Local kids – and their parents – will be thrilled to hear that the PlayPlace at Waverly McDonald’s is now open for fun.
The fully renovated $750,000 space, which includes Iowa’s largest PlayPlace, officially opened on Friday even though it had been welcoming guests for two weeks.
The PlayPlace facility is twice the size of the old one, owner Scott Soifer told Waverly Newspapers.
The renovation included new flooring, new ceilings, new restrooms and the new counter service area, he added.
Started two years ago in anticipation of the 10th anniversary of the opening at the Waverly franchise’s current site, the playground, like those of all of the company’s franchises, was closed to the public during the pandemic in compliance with health guidelines.
The wait had been long, brought on by the unknowns of the pandemic, but Friday, just before Easter, was a time to celebrate what had been accomplished.
The area officially reopened with many children running through the facility as a groundbreaking ceremony was held.
Scott Soifer and his wife, Lisa, the owners of the franchise, came to town from Charles City for the occasion.
There was something to celebrate, not only for the public, but also for the owners. The Soifers’ three children love to play here, their parents said.
The Waverly PlayPlace is one of four in Cedar Valley. Oelwein, Evansdale and New Hampton also have play areas for children and they too have reopened.
Soifer, who took over the family business started by his late father, Sam, with the support and help of his late mother, Barbara, said he had a sentimental connection to the Waverly McDonald’s because he came here when he was a kid.
The original McDonald’s was in the parking lot of the Willow Lawn Mall in Waverly, but after the 500-year flood of 2008, the new restaurant at 1203 Fourth St. Southwest was built. It opened its doors in 2010.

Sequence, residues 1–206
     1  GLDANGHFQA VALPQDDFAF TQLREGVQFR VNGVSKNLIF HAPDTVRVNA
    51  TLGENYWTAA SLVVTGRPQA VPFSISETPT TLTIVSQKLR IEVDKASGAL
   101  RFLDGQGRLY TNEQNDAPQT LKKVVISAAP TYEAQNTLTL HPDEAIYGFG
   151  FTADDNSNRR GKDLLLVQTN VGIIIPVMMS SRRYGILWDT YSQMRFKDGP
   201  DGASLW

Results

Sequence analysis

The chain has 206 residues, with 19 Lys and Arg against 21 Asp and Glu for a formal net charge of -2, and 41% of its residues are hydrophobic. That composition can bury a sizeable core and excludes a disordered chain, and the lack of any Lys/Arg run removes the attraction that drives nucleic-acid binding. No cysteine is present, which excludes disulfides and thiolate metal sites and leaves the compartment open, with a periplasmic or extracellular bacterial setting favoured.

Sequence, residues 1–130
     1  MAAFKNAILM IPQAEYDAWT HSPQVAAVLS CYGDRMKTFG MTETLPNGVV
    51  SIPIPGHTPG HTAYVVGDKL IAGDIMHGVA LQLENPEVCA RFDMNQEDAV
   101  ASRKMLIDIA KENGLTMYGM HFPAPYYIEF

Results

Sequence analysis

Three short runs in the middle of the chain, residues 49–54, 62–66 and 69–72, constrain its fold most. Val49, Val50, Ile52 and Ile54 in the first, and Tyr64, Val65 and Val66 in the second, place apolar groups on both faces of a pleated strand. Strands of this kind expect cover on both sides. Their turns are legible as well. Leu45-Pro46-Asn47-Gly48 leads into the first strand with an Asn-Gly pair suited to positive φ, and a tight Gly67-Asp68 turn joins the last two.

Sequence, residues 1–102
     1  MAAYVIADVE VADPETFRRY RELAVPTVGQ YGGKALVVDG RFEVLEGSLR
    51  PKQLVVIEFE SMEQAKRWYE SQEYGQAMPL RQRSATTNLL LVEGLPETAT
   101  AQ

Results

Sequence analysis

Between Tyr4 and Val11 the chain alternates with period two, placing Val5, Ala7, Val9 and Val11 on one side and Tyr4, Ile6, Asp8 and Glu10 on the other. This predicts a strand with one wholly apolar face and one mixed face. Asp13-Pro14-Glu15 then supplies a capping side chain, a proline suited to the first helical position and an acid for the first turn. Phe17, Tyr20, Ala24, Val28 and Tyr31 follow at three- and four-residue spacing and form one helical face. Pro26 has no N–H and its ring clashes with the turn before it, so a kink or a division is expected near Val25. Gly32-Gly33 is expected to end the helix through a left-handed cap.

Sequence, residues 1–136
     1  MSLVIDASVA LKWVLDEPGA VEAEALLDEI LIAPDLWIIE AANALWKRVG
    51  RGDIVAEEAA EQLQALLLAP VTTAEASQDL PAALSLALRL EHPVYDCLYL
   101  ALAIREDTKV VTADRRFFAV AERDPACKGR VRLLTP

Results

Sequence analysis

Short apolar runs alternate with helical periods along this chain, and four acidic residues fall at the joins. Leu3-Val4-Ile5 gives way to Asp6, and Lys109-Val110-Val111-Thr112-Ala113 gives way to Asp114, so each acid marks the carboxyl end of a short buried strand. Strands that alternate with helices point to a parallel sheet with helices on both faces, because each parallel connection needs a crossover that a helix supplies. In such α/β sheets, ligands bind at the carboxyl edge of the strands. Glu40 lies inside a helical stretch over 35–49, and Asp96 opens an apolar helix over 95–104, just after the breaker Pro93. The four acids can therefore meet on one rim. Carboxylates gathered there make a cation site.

Waverly Chamber of Commerce executive director Travis Toliver and a few chamber officials, including Tiffany Schrage and Corrie Ramige of the Waverly Health Center, attended the low-key ceremony.
A McDonald’s red ribbon was cut, as is customary in town, with the oversized scissors that Toliver uses for such occasions.
In off-the-cuff remarks ahead of the ceremony, Soifer briefly reflected on the challenges posed by the pandemic over the past two years and the uncertainty that faced his new renovation plans when the pandemic hit.
“We were there, reinvesting in the Waverly community for the long term,” he said, noting some of the challenges. “Obviously we’re thrilled about that.”
He noted that a mobile table service has been added to the play area. It allows parents to order without leaving children unattended or interrupting conversations with friends.
He said that because of the pandemic, a lot of things have changed.
“Mobile orders have resumed,” he said. “There have been a lot of changes over the past two years and we are delighted to be re-engaging with Waverly.”